Throughout our many years, in fact decades, of dealing with Personal Guarantee issues e have experienced huge fluctuations in how banks pursue Personal Guarantees, both as a whole industry and indeed individually.
Our series of articles provide some insight as to what the main factors are in these inconsistencies.
The areas we consider are:
- Economic cycle – to read this article click HERE
- Bank lending criteria and process – to read this article click HERE
- Bank debt collection process
This is the third and final instalment of our 3 part article.
Bank debt collection process
Will endeavour to keep this as short and readable as possible but there is enough material in this subject to fill a few volumes! It is important to note that by necessity this subject is covered in general terms and there is a massive variation of performance and by bank.
Workload: probably the most consistent issue across all the banks has been how the increased workload has disrupted their collection process. This has adversely affected almost every part of bank debt collection processes, from strategy and division of responsibilities internally and externally to inability to respond in a timely manner, sourcing of documents and closing out on a deal.
Competence: the banks have ruthlessly de-skilled the collection process, and the cost pressure applied to external debt collection agents and solicitors has caused them to de-skill in the same way.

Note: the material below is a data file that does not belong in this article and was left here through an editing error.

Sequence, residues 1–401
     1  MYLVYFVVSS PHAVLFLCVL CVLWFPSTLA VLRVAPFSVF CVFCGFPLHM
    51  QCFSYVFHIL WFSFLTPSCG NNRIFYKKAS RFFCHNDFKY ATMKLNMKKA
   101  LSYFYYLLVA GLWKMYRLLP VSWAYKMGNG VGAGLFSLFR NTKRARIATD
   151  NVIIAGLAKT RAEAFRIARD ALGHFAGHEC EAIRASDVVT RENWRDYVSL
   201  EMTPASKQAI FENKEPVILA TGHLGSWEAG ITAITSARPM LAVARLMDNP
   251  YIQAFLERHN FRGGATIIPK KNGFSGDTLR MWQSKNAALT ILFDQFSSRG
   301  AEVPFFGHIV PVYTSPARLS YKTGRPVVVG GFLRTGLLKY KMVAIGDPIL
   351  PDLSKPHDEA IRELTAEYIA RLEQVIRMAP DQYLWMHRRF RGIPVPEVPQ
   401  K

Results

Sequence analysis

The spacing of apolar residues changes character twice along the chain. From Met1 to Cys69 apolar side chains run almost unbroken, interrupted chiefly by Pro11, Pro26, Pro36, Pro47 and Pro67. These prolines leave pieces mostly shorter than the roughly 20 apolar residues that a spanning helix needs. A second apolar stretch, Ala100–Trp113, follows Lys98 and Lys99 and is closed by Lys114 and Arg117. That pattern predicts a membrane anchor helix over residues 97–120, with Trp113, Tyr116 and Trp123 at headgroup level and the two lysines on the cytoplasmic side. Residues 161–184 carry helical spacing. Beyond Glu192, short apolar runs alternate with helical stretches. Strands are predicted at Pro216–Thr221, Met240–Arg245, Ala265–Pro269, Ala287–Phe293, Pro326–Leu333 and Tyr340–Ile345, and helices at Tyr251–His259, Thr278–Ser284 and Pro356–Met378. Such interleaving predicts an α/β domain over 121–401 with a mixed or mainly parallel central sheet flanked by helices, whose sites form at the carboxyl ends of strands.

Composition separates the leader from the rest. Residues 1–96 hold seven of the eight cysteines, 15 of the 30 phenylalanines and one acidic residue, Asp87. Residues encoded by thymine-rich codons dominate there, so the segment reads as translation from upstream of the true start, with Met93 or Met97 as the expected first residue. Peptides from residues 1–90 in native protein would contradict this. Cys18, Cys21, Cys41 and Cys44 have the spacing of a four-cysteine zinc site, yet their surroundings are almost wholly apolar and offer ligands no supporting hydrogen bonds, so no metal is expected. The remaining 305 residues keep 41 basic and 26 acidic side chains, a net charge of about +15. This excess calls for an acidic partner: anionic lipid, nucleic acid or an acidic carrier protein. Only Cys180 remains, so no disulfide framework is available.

But Personal Guarantees are a complex variant as far as debt management is concerned and this de-skilling has led to increased costs for the banks and guarantors as the matter becomes protracted for the want of someone actually understanding the issue or even at a basic level just having the wherewithal to get the deal done.
Another overriding factor has to be the appropriate direction, management and training provided. As noted above the shift on workload would have provided significant challenges to the banks and we are only privy to some of those aspects within each individual bank but our limited knowledge on that respect and certainly our experience would indicate all is not well with the banks in that regard, despite some very good people working at the coalface on their behalf.
Outsourcing: much of the outsourcing is to debt collection agents and solicitors.
Both have their idiosyncrasies but both are dependent on their own competence, systems and process and, more pertinent to solicitors, their ability to obtain instructions from their bank clients.
I refer below to the issue of overseas outsourcing.
Reorganisation: with few notable exceptions this has probably had the most damaging impact on banks abilities with regard to debt management. The closing down and moving of operations, changes of policies, lack of proper direction and lack of adequate instructions to external organisations have all had an impact on the banks to perform in this arena.
Overseas outsourcing: our statistics demonstrate that the use of an overseas debt management department, whether internal or external, has a devastating effect on the ability of a bank to collect on Personal Guarantees and other banking issues; whether it is with regard to banks solicitors being able to obtain adequate instructions, sourcing UK staff for a mediation or the appointment of LPA Receivers. The adverse effect on actually getting a deal done has a devastating impact on a bank’s ability to collect the debt, and indeed, it's own reputation.
16 September By Mel Loades